The history of Fortnum & Mason
Bolstered by dynamic advertising and no small amount of innovation, it’s little surprise that ‘the world’s most famous cornershop’ is still going strong after more than 300 years
Fortnum & Mason’s association with the monarchy is nestled somewhere in the subconscious – it’s an intrinsic part of the company’s history that has helped to establish its reputation as a luxury brand. The relationship goes right back to the company’s foundation over 300 years ago, when William Fortnum was a footman at the court of Queen Anne. One of the perks of Fortnum’s job was to empty the half-burned candlesticks and take the leftover wax home, where he remelted them and resold them to ladies of the court.
Hugh Mason, meanwhile, had already started up his small grocery store in Duke St, St James’s Market, when he met William Fortnum and became his landlord. With William’s palace connections, Mason found himself in an excellent position to sell commodities to the gentry and aristocracy and, by 1707, Fortnum & Mason had been established.
In 1840, William’s great-grandson, Richard Fortnum, ploughed the company’s profits into the new building at 181 Piccadilly, where the shop stands today. With its elegant fanlights and decoration, ‘the designers of the building were deliberately inviting women customers inside to look at the wares on show,’ says Dr Andrea Tanner, Fortnum & Mason’s archivist.
Its innovative use of plate glass windows – only invented three years earlier – further encouraged customers to experience the wonders within and became an important part of Fortnum’s advertising strategy, especially at Christmas. During the 1860s, displays included a live turtle in a tank (to show that the turtle soup was made from real turtles!) and a rose-tinged honey, backlit by the windows, that was specially produced using a method that didn’t kill the bees. ‘It’s an interesting building,’ adds Andrea. ‘It looks old-fashioned but is very modern; a theme of Fortnum & Mason.’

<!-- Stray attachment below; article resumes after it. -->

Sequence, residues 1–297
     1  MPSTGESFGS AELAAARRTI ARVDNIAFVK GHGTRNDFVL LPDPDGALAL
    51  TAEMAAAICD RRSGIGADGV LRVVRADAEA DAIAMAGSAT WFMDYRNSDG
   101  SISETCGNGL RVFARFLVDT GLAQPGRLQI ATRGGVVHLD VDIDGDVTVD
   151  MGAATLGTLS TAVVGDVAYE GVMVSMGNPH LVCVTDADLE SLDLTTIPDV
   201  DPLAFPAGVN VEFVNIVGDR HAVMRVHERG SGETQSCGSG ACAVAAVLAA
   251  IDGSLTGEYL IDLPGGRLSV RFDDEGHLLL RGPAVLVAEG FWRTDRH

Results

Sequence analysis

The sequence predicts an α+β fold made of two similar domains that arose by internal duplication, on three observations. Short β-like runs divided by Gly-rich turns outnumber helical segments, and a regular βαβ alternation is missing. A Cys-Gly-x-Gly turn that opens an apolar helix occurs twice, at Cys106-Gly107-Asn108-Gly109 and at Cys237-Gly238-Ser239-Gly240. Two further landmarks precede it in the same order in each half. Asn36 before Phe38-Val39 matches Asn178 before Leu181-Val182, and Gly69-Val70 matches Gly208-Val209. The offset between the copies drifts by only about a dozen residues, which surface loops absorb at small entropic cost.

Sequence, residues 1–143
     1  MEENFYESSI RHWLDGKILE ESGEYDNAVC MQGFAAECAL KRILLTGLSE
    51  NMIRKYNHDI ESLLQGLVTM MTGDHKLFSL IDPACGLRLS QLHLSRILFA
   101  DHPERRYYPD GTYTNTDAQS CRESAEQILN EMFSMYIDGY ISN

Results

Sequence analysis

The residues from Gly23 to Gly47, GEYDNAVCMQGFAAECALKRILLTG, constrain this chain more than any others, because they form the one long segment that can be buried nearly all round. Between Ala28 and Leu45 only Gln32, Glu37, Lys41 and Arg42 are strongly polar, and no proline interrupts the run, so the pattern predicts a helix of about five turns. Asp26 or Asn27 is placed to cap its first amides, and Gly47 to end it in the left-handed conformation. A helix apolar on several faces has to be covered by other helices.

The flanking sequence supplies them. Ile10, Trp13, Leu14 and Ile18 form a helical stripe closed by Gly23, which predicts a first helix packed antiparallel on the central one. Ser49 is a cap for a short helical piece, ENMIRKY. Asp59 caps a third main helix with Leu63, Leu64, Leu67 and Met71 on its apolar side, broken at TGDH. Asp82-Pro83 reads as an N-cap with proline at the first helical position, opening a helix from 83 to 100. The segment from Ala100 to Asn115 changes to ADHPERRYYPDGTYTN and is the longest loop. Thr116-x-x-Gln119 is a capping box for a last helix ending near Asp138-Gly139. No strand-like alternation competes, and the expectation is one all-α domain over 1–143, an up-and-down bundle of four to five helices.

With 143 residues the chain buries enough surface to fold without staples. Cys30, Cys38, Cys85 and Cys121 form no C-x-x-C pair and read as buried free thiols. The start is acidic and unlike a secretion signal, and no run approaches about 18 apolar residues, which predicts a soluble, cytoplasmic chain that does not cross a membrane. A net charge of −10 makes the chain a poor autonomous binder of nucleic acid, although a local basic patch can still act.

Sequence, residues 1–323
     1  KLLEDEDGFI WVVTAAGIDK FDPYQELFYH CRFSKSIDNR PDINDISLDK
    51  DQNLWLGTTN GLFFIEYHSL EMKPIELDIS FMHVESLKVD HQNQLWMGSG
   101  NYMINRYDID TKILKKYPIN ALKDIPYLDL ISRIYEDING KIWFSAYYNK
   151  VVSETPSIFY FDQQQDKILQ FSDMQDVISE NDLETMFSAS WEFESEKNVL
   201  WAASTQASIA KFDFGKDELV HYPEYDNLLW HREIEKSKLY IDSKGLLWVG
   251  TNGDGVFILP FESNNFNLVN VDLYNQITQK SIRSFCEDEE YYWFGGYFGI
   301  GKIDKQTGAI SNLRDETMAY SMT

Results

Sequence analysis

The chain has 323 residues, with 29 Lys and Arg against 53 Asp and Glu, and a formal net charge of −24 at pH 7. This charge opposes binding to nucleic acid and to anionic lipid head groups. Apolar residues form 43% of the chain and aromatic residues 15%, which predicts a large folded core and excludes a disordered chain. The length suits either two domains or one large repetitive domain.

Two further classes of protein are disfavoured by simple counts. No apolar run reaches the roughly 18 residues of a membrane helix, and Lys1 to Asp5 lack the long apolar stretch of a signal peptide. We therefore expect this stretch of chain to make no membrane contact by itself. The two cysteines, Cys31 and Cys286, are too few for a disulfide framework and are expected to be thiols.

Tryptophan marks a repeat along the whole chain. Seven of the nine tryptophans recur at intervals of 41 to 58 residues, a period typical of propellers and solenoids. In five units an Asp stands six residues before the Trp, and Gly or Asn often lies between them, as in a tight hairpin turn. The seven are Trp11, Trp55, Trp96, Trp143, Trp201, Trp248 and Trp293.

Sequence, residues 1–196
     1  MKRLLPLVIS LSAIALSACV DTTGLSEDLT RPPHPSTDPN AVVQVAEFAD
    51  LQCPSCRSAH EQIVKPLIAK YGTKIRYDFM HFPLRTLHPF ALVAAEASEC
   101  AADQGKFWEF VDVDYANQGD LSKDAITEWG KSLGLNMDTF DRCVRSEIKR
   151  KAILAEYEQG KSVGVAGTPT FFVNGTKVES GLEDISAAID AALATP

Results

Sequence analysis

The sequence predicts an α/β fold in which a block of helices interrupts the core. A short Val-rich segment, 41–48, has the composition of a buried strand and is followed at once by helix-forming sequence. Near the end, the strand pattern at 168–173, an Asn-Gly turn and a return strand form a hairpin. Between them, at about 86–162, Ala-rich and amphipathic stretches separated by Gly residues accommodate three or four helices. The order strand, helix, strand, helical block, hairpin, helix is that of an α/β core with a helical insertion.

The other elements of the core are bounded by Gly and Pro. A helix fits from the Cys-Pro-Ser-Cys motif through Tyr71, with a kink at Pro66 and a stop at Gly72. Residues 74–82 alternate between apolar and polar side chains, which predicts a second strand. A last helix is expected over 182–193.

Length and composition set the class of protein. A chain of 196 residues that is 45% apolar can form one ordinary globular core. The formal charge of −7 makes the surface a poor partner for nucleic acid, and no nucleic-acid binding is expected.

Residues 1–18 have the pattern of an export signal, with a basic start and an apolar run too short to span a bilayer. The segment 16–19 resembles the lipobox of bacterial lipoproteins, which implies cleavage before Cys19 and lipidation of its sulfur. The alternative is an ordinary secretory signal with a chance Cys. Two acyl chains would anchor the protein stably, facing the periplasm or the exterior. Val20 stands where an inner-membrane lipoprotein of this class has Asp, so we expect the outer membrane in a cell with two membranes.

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Tea is the driver of the business, says Andrea, as much now as it was at the beginning. Black Bohea tea from China was one of the first products Fortnum’s sold, and records suggest it was also the first company to buy Indian tea at the first Indian tea auction in 1836. The company’s historic house blends are also of note: when Edward VII acceded the throne in 1901, Fortnum’s created the ‘Royal Blend’ for the new monarch, using Assam brought back from India and Flowery Pekoe from Sri Lanka. This famous tea is still popular today.
Fortnum’s has been producing hampers since the 18th century, too, though in the beginning they were designed for travellers, only becoming popular for picnics at the end of the 1700s. ‘Derby Day was a particularly important day in the calendar, with carriages queuing up from four in the morning to pick up the Fortnum’s picnic basket,’ says Andrea.
Nowadays, Fortnum’s hampers, filled with the very best products from the Food Hall, will be seen at summer events like Ascot, Wimbledon and Henley, while at Christmas they are given as gifts to loved ones. These ‘parcels of joy’ continue to speak of luxury. When the Diamond Jubilee Tea Salon was opened by The Queen in 2012, accompanied by the Duchesses of Cornwall and Cambridge, the visit culminated in the presentation of three bespoke hampers. There couldn’t have been a more fitting gift for the royal guests, says Andrea: ‘It is the ultimate symbol of Fortnum’s.’
In the early days, most of Fortnum’s custom was via account, and catalogues contained no prices; it was understood that, if you had to ask, you couldn’t afford to shop there. It is company policy not to name celebrity customers still living, but Charles Dickens famously mentions the company in Household Words and was a fan of Fortnum’s chocolate. In Andrea’s archives, a note from Dickens to his butler instructs him to buy ‘a small cooked ham and a small Yorkshire pie from Messrs Fortnum & Mason’.